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There’s a helpful chart in this blog post that compares yarn weight to wraps per inch and yarn grist. The grist for the alpaca/silk, and the fact that I measured about 12 wraps per inch, puts it in the DK/light worsted weight range according to that chart and one I have from a Spin-Off magazine. There was a handy article in KnittySpin recently that was all about measuring your yarn, if you’d like to read about this topic further.

This skein makes the 3rd finished of 12 planned spinning projects in 2014 for my Spin the Bin challenge. Not too shabby for April! I am pretty sure it needs to become a Morning Surf Scarf. What do you think?

IS #28: Fall Already?

Don’t worry, folks, the summer is still just getting into a groove, but that doesn’t stop Knitty from putting out its First Fall issue! It might seem a bit early but summer is actually a really good time to start planning ahead for those cooler nights and shorter days. Let’s see what we can find to inspire us, yes?

Copyright Jamie Besel

I was immediately drawn to Lewis designed by Jamie Besel. I love the lace detailing and deep V of the font, that draws a lot of attention up to the face. I also really dig the shirttail hemline, haven’t seen that too often, and I really really love the wide sleeves. I have a few storebought sweaters with wide elbow-length sleeves that I think are really flattering. Into the queue!

Copyright Kristine Byrnes

Sugar Stick by Kristine Byrnes is a very interesting design… exactly the sort of funky cool stuff that made Knitty famous. I’m not even entirely sure what’s going on in the pattern, seems like some colorwork and some lace and some twisting before it’s grafted into a cowl but it looks really neat!

Copyright Kirsten Hipsky

Finally, the Ginger + Wasabi gloves by Kirsten Hipsky use a very simple colorwork pattern to make the gloves extra thick and warm. I liked this pattern primarily for the thoughtful details that the designer described: the double thick fabric, the no-purl ribbing, the sizing information. At a quick glance, details like that tell me it’s a well-written and worthwhile pattern.

Did you find anything you liked in this issue? Anything else been inspiring you lately? Link along below and let us know!

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IS #14: New Knitty

I think one of the first online pattern magazines a new knitter encounters is probably Knitty.com — at least it was for me. The patterns are fun and funky, feature designs from a great mix of established designers and up-and-comers, and (probably most importantly to the newer knitter) are free. The spring and summer 2013 issue just came out so let’s see what we can find for inspiration, shall we?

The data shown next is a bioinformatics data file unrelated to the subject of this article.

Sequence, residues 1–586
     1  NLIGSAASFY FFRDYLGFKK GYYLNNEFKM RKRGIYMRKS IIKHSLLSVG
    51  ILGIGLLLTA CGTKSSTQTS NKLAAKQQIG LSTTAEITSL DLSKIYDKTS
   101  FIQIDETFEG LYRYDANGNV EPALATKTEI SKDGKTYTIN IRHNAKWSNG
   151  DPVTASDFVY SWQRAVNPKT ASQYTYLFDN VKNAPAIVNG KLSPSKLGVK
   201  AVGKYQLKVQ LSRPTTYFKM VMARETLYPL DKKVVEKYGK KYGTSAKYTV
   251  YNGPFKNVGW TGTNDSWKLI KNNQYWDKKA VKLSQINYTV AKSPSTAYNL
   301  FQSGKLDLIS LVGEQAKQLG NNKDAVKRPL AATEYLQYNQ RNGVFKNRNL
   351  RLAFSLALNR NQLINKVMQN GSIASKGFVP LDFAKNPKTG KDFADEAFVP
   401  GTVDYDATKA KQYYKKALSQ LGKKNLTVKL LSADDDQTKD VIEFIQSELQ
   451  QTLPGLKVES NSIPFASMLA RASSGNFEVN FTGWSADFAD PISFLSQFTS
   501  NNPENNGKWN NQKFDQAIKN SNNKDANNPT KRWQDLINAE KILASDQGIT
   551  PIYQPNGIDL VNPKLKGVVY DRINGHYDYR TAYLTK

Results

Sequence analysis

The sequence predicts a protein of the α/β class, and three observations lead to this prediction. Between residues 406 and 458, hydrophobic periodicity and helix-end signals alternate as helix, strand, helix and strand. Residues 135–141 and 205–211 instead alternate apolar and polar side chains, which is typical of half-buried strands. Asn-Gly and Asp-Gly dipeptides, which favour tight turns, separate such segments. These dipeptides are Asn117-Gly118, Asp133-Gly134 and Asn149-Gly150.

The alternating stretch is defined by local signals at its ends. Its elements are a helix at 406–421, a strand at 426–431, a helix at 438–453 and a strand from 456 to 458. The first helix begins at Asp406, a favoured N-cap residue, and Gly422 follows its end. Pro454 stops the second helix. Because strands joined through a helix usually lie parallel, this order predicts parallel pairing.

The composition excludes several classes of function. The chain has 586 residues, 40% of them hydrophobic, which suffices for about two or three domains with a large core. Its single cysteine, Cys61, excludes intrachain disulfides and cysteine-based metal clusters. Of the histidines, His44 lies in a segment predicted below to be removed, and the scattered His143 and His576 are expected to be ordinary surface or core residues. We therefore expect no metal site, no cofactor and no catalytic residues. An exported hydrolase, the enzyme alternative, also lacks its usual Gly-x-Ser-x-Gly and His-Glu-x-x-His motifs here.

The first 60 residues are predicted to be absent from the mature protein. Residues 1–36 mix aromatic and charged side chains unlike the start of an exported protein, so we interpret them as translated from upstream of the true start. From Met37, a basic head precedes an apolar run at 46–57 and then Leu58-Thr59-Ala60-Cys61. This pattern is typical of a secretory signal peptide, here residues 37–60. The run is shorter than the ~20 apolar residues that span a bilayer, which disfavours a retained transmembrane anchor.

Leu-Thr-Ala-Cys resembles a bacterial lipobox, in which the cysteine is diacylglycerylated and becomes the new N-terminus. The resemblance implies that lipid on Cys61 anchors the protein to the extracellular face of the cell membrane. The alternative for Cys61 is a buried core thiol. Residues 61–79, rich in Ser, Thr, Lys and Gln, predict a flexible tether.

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Now that I’m a spinner, I really enjoy the Knittyspin features. This scarf is Foliolum by Joanna Johnson and is knit from handspun yarn. She spun a 50% yak/50% Merino wool blend into a sport-weight yarn and then knit this lovely, simple scarf with a pretty crocheted edging. I tend to think that simpler patterns showcase handspun yarns the best (at least with my handspun!), so I could definitely see myself using this one in the future. I also just really love the styling of this photo: it definitely evokes bright, leafy springtime for me.

Copyright Jennifer Dassau

This little shawl, Lunatic Fringe by Jennifer Dassau, is super fun! It’s knit from the bottom point up asymmetrically, with those finger-like fringes created by casting on and binding off stitches along one edge of the row. I love knits that are creative with interesting results, but that are relatively simple to knit (busy lifestyle and all) so this one definitely fits the bill. Plus, it would work well in almost any weight yarn and probably great for handspun, too. I briefly met the designer at Stitches East last October because she is one of the diehard Malabrigo Junkies and she was super nice. I recommend you check out her patterns on Ravelry because she has lots of great stuff in there!

Copyright OneHandKnits

Aaaaaaand then we have the gigantic and impressive knitted item that I will probably never make but that I enjoy admiring from afar! This is the Easy as Pie blanket by Anna Richardson. For this blanket, the designer worked out how to make circles from garter stitch short rows and then again used short rows to square off the area around the circles… and then somehow joined them together. I love the design concept and the use of colors and I am just always awed when people write patterns for ginormous knits. That’s a lot of knitting to do and keep track of and translate for others!

Which pattern are you drawn to from the collection? Has something else been inspiring you lately? Please link along below and share!